Impact Stories – Yuktha


Yuktha was born in a village called Ananthapuram in Tamil Nadu.  Her mother had a prolonged labour and Yuktha didn’t have a birth cry and was underweight.  However, she was discharged from hospital without any developmental follow-up. 

At the age of 2, Yuktha was unable to stand unsupported, her legs appeared stiff and she didn’t speak. Her mother was concerned about her child’s development, but was afraid of talking to others because of stigma associated with having a disabled child. She was afraid she would be blamed if  her child  was diagnosed with a disability and didn’t know who to turn to.  

During one of  Amar Seva Sangam’s (ASSA) Awareness programs, Yuktha’s mother saw a presentation about child disability, early intervention therapy and about how to reduce stigma associated with child disability. She approached the ASSA Team and  spoke about her concerns with Yuktha. The team booked Yuktha in for a screening visit at the local Primary Health Centre. 

Yuktha was screened by one of ASSA’s Community Rehabilitation Workers and was found positive for potential delayed development using the screening tool on the Enabling Inclusion (EI) app. Yuktha’s details were entered into the app and that triggered home visits by ASSA’s multidisciplinary team of rehabilitation workers who worked in her area (CRW, physiotherapist, speech trainer and special educator). 

She was diagnosed with Cerebral Palsy and recommended to enroll into ASSA’s home based early intervention (EI) program.  Her mother was worried about her families future and felt like a failure as a parent. Her husband and other family members refused to believe that there were any issues with Yuktha’s development and did not enrol her into the EI program initially.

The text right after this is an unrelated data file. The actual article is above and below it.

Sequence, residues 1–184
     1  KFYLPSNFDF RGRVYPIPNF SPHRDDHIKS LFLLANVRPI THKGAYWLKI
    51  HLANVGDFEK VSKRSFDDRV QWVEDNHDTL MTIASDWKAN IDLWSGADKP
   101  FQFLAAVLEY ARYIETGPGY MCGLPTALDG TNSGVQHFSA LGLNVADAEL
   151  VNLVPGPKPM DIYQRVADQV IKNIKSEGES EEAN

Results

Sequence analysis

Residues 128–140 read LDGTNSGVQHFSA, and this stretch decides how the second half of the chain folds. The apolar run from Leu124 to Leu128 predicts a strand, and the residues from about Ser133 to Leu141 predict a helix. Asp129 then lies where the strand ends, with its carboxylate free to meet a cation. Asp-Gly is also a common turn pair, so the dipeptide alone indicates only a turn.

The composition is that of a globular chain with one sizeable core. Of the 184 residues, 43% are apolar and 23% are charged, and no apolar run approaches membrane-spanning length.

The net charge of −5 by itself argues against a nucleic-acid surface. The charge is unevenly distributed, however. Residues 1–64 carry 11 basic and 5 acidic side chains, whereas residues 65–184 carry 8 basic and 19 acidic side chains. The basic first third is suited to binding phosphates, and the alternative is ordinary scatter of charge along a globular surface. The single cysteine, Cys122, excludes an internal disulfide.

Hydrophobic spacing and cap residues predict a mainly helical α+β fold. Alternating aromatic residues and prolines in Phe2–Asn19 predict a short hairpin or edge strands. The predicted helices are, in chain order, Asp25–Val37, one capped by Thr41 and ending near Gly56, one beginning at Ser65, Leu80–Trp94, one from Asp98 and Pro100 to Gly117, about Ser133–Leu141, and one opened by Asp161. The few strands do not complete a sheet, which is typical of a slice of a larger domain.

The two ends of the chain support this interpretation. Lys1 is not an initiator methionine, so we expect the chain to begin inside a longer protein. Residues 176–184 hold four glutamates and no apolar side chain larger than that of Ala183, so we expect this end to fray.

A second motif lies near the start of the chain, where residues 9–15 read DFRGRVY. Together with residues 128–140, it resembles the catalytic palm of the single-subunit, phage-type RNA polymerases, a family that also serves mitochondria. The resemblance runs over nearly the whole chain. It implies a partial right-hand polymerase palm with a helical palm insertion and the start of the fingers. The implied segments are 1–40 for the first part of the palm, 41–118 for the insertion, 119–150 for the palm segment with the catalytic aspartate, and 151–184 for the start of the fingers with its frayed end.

The CRW did a few more home visits to counsel the family members and understand their needs and concerns. After 3 months, Yuktha’s parents enrolled her into the home based early intervention program. Using the Canadian Occupational Performance Measure, Yuktha’s mother and father listed their goals and priorities for her development and based on this, the rehab specialists set out treatment goals and plans. This was followed through by the CRW on weekly visits to the child’s home. In addition, parents were counselled on how to integrate early intervention therapy into the daily life of Yuktha and the other family members. 

After 2 years in the program, Yuktha’s development improved significantly. She was able to walk with a walker for short distances and she was able to speak. Her parents wanted to enrol her in kindergarten, but the headmaster of the local school was discouraging, saying there were no ramps at the school and that the teachers were too overwhelmed with work to assist Yuktha.  

Yuktha’s parents informed the ASSA team members and spoke to their local ASSA Early Intervention Parent Participation group. The parent leaders from this group and Yuktha’s physiotherapist, speech trainer, special educator and CRW visited the school and spoke to the school administrators. The school agreed to build ramps and hand rails to help support Yuktha and have ASSA’s CRWs and rehab specialists come to school to give therapy and advice the teachers on how to integrate Yuktha into the classroom. They also hosted a School Awareness Program, where the teachers and students at the school learned about how to integrate children with disabilities like Yuktha into the classroom and into peer groups. 

After 3 years in the program, Yuktha’s parents still feel stress, but their sense of strain and burden are significantly reduced and they feel more empowered. Yuktha’s mother became the leader of the local Early Intervention Parent Participation Group and helps advocate for other children and their families. Yuktha is attending school, doing great academically and has made a number of good friends. Her favorite activities include playing catch, reading books and chatting with teachers and friends. The ASSA team continues to visit her at home and at school to continue to support her developmental needs. 

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